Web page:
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Frugality vs Minimalism

Frugality vs Minimalism: Which concept is better for your finances? Many personal finance gurus and influencers talk a lot about both frugality and minimalism as a way to save money. That money you save can be used to pay off debt or build your emergency fund! While the goal of both is to improve your financial life, the method behind each is slightly different. If you are trying to adjust your budget and are considering either of these two methods, read on for American Consumer Credit Counseling’s outline of frugality vs minimalism! 

Frugality vs minimalism - they're two different things.

Frugality vs minimalism – they’re two different things.


First off, what does frugality really mean anyway? Frugality is all about finding the lowest cost option. Consumers who embrace frugality are the type of people who rarely pay full price for anything. They use coupons, shop sale and clearance items, and buy many of their clothes and household items at thrift shops. Frugal people are expert bargain hunters! They are likely able to stick to tight budgets because they can always find deals and low cost items they need.

The downside of frugality is that the cheapest option isn’t always a high quality option. For example, buying the cheapest household appliances might save you money in the short-term, but if they break easily and you constantly have to replace them, it’s more expensive. That can slow down your debt management progress. 


Minimalism, on the other hand, isn’t about always finding the cheapest option. In a society driven by extreme consumerism, minimalism is about living with less. When you live a minimalist lifestyle, you don’t need material possessions to define your success. While the items you do have might not be the cheapest, you’re still saving money because you aren’t spending money on anything unnecessary. This is similar to the KonMari Method, made popular by Marie Kondo. Minimalists don’t have overflowing closets or cluttered living spaces. They aim to combat mindless consumption and save money because of it.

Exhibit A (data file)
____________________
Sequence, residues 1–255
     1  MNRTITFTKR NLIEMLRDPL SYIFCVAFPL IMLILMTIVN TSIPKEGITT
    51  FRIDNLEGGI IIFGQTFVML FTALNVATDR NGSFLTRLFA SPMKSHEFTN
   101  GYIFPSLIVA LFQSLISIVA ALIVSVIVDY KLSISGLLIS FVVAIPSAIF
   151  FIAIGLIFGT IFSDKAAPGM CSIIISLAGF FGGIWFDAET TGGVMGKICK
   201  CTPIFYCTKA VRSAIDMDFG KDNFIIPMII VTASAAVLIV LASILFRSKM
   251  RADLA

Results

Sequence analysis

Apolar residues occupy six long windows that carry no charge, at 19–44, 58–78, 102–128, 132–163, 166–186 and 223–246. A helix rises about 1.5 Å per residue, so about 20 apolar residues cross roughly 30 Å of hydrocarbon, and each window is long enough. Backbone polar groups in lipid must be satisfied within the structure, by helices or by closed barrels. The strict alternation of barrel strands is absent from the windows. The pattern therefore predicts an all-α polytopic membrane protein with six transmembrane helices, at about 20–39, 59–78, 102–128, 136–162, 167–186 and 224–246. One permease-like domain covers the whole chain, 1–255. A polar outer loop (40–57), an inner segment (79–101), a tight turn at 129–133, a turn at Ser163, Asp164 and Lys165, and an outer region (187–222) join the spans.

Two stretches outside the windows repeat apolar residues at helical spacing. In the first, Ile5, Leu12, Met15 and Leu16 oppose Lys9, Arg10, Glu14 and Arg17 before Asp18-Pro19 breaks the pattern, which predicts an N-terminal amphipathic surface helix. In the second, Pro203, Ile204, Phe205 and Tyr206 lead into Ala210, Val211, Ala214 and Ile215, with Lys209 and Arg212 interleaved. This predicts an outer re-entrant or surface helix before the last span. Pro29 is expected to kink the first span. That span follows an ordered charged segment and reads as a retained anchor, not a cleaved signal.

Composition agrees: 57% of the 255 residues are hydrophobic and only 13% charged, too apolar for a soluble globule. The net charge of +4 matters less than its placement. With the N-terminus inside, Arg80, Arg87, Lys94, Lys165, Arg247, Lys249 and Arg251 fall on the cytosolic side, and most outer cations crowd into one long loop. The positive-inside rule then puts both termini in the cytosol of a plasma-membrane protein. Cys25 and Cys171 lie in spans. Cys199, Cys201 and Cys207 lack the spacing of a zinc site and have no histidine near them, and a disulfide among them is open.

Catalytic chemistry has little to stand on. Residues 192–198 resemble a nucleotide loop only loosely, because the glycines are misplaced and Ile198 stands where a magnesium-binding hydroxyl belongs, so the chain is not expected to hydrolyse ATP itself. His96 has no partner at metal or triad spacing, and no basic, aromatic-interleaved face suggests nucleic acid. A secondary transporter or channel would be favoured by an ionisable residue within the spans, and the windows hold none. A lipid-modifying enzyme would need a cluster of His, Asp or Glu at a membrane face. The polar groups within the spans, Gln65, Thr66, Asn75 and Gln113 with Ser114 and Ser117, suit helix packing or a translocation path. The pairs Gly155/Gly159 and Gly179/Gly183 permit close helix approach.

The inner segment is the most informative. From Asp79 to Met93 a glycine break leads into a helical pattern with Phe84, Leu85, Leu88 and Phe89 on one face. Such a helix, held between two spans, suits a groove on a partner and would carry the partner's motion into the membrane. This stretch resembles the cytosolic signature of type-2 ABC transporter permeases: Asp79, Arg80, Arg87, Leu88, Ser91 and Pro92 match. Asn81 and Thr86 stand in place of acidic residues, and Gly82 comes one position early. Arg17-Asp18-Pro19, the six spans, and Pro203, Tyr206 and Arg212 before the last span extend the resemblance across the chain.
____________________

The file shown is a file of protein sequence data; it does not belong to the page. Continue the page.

The disadvantage some consumers find with minimalism is it may leave them feeling like they don’t have enough. It can feel constricting to only buy the necessities and never splurge on things you want.

Frugality vs Minimalism: Which is better?

While both frugality and minimalism have the same end goal (saving money), is one better than the other? Not necessarily. It depends on your lifestyle and financial goals. It also doesn’t have to be “frugality vs minimalism,” because you can use a combination of the two! You don’t have to hardcore commit to one or the other. Taking either to the extreme would be difficult for anyone, but that doesn’t mean either method is bad. Incorporating aspects of both ideas into your life can be helpful. Look for deals and clip coupons, but don’t sacrifice quality on the things you use a lot! Also, don’t buy anything in excess, but if you want to splurge on something every now and then, it’s not the end of the world. Just make sure that splurge is in your budget first!

If you struggle to pay off debt, ACCC may be able to help. Schedule a free credit counseling session today. 


Madison is a Marketing Communications & Programs Associate at ACCC. She is excited to share her tips on saving money and being financially responsible here on the Talking Cents blog!

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